Elizabeth Warren channels faith in Rainbow PUSH convention stump speech
Fellow Democratic presidential hopefuls Amy Klobuchar and Tulsi Gabbard also spoke at the convention Saturday at Apostolic Faith Church in Bronzeville.
Democratic Sen. Elizabeth Warren brought Sunday school to Chicago a day early at her second presidential campaign stop in the city, using Bible verses and her laundry list of plans for the country to try to connect with a South Side audience.
“The sheep are being divided from the goats, and just so y’all understand, the sheep are going to heaven, the goats most definitely are not,” Warren said Saturday morning at the Apostolic Faith Church in Bronzeville, setting up a reading of Matthew 25:31-46.
The Massachusetts senator said the passage highlighted three lessons: that there is God in everyone, that all people are called to act and that people are called to act “because it is right.
“As I travel this country, and I hear from the American people, they share their struggles, they share their fears, they share their concerns, but the people know what is right and they are ready to act,” Warren said. “They know that they have been called for such a time as this and they are willing to step up. I am here today to say that none of us is alone in this fight. When I am president, we will answer this call together.”
A diverse crowd filled the pews to hear presidential pitches from Warren, Minnesota Sen. Amy Klobuchar and Hawaii Rep. Tulsi Gabbard at the second day of the Rainbow PUSH Coalition’s Annual International Convention, following former Vice President Joe Biden’s Friday appearance.
Klobuchar, Minnesota’s first elected female senator, lived in Hyde Park while attending the University of Chicago Law School, a place that’s “good for presidential aspirations,” she said — a nod to former President Barack Obama.
She talked about her entry into politics — which wasn’t borne of any Chicago-style “political machine,” she said, or from big money. Klobuchar said she entered the political arena to change a rule that kicked new mothers like her out of hospitals 24 hours after giving birth.
Klobuchar highlighted her priorities of tackling child poverty, mental health services and student loans, because if billionaires can “refinance their yachts, you should be able to refinance your student loans,” she said.
“I didn’t make all the promises that some people make, but I promise you this: in my whole life I have always done my work with integrity, I have gotten things done and I will govern with integrity and I will govern for you,” Klobuchar said.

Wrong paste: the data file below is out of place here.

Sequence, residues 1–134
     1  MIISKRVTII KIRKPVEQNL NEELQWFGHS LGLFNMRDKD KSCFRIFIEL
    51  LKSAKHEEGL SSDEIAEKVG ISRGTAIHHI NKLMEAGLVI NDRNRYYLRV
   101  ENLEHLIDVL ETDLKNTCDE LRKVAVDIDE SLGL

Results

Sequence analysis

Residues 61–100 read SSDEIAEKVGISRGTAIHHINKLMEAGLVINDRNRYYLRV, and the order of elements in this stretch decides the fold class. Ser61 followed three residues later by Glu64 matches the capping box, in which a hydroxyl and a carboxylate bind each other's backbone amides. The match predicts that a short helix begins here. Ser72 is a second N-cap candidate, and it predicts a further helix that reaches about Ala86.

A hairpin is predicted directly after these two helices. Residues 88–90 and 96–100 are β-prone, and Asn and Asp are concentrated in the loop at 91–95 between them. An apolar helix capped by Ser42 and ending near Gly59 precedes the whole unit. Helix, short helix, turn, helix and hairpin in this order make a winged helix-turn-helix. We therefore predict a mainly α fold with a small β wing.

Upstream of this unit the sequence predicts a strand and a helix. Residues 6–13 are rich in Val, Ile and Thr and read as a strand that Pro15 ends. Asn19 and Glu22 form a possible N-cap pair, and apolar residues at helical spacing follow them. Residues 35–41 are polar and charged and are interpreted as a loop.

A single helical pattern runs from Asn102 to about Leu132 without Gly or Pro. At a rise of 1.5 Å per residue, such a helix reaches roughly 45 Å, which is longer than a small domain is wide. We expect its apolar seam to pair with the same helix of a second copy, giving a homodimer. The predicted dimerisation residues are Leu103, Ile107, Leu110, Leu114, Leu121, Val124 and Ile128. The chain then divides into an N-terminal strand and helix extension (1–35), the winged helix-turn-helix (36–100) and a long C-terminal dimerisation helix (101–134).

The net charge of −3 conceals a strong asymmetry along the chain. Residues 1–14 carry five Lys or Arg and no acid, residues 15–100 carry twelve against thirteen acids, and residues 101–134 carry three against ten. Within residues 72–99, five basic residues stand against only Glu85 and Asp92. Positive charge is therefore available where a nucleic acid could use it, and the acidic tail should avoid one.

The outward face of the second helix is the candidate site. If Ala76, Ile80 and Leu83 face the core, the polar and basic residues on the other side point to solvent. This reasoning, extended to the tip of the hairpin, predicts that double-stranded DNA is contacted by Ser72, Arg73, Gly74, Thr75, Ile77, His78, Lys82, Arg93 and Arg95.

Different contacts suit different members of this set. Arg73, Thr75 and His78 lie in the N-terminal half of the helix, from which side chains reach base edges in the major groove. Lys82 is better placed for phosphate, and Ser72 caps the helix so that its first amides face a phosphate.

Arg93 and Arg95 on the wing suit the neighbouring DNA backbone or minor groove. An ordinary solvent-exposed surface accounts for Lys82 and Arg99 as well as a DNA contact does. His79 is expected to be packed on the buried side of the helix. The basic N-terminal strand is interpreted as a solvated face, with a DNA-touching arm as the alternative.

Gabbard, an Army National Guard major who first saw combat in Iraq in 2005, reflected on her time stationed in an area known as “Mortar-itaville” for its daily mortar attacks, she said. A sign near her camp, read “Is today the day?”
She said she often asked herself that to make sure she was doing the most with her time.
“We have no time to waste. There is so much at stake,” Gabbard said. “We have too many leaders who have, for so long, been dragging us into these wasteful, regime-change wars one after the other, costing us so many lives, taking trillions of dollars out of our pockets... dollars that belong here in rebuilding our own communities.”
Along with the Bible verses, Warren laid out her exhaustive list of policy proposals, among them an additional 2% tax on the ultra-wealthy, Medicare for all, strengthening unions and bolstering manufacturing jobs.
Warren called the Democratic effort to unseat President Donald Trump a “righteous fight.”
“I often turn to Scripture for inspiration, to keep the faith and to stay and fight, so for me it’s 2nd Timothy — for God hath not given us the spirit of fear, but of power and of love and of a sound mind,” Warren said to some applause. “I am in this fight because I am not afraid, I know our fight is a righteous fight, and if we stand together, if we fight together, if we persist together, if we dream big and fight hard, then we will win and we will make this the America of our dreams.”